not that good..
You're 53. You're the top-selling female recording artist of all time, having moved more than 300 million albums. And you'd like maybe one more shot at reminding the world that before there was Lady Gaga, before there was Britney Spears, before there was Nicki Minaj, before there was Katy Perry, before there were a bunch of pretenders trying to sit on the diva throne, there was the one who built it.
So what do you do for your 75th official single, the first release from your 12th studio album? Is the answer channeling Toni Basil and pretending it's 1982? And then inviting a couple of those upstarts to the party to make sure somebody cares?
Those of a certain age will recall Basil's 1982 hit "Mickey," an earworm of epic proportions, the video for which featured Basil dressed up as a cheerleader chanting, "Oh Mickey/You're so fine/You're so fine/You blow my mind/Hey Mickey!"
"Give Me All Your Luvin'"—the song and its video—digs only slightly deeper than that while visually and musically appropriating Basil's cheerleader vibe. It features M.I.A. and Nicki Minaj repeatedly chanting, "L-U-V, Madonna/Y-O-U, Madonna" as the Material Girl herself reflects on what it takes to be her lover.
"Would you like to try?" Madonna dares would-be suitors in the opening verse. "Maybe you'll do fine," she coos. "As long as you don't lie to me." Right, then. No lying. Got it. "Give me all your love, and give me all your love/Let's forget about the time/And dance our lives away." OK. No watches either.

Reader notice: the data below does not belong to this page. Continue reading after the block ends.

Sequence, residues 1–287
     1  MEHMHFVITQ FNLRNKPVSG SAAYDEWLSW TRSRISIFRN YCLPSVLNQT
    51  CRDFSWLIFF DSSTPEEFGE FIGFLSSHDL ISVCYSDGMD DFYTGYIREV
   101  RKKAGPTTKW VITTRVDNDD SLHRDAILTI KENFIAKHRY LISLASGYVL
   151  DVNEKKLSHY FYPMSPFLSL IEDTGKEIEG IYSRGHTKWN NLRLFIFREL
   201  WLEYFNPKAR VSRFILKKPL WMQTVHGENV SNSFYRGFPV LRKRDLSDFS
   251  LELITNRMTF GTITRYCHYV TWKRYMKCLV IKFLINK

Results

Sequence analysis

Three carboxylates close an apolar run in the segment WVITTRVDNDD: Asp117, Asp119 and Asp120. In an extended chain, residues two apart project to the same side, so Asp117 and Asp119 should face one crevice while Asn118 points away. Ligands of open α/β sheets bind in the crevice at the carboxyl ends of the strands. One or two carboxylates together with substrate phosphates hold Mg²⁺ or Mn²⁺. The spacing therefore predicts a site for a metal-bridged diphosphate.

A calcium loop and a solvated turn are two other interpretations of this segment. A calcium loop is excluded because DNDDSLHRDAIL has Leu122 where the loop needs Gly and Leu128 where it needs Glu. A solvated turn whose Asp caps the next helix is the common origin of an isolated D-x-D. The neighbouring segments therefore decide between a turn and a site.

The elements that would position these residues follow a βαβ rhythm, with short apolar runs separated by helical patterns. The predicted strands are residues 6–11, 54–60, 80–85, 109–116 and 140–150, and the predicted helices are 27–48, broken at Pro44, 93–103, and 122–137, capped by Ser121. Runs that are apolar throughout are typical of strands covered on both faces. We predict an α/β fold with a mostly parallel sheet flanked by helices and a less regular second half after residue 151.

It's no surprise, actually, that Madonna doesn't much want us to think about time. It's clear she's in denial of it, vamping it up as she suggests, "You can be my lucky star/We can drink some wine/Burgundy is fine/Let's drink the bottle, every drop."
Step three, then, is tossing back some vino. And have I mentioned that dancing is, of course, very much still in vogue here?
Nicki and M.I.A. stop cheerleading long enough to rap a bit too. "Give me all your love, boy," Nicki instructs, "You can be my boy, you can by my boy toy." M.I.A. is coarser than that—just as she was in her controversial, middle-finger raised Super Bowl halftime performance. "Me it," she proclaims. "I'm so swag s‑‑‑/ … Ima say this once, yeah/I don't give a s‑‑‑."
In the video, Madge prances and preens through town, occasionally showing glimpses of her leopard-print bra even as M.I.A. and Nicki—in full-on cheerleader regalia—herald her triumphant arrival. An entire football team alternately chases and protects Madonna. Then the cheerleader getups are swapped with Marilyn Monroe costumes, and a backup dancer writhes in the background wearing only bra and panties.
None of it makes much sense, really. But Madonna doesn't seem to care about sense here, just that she's doing what she wants on her own terms, just as she always has. And if she has to make us time-travel back to the '80s to do it, well, then that's all right with her.
Too bad the results aren't any better now than they were then.